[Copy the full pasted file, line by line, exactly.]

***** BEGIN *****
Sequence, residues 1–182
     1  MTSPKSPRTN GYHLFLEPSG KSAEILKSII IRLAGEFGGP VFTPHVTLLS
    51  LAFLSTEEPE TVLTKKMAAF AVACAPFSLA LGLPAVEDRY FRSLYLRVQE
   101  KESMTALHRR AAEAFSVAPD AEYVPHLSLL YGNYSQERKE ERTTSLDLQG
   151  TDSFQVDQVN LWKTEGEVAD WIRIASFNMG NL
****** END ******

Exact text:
Sequence, residues 1–182
     1  MTSPKSPRTN GYHLFLEPSG KSAEILKSII IRLAGEFGGP VFTPHVTLLS
    51  LAFLSTEEPE TVLTKKMAAF AVACAPFSLA LGLPAVEDRY FRSLYLRVQE
   101  KESMTALHRR AAEAFSVAPD AEYVPHLSLL YGNYSQERKE ERTTSLDLQG
   151  TDSFQVDQVN LWKTEGEVAD WIRIASFNMG NL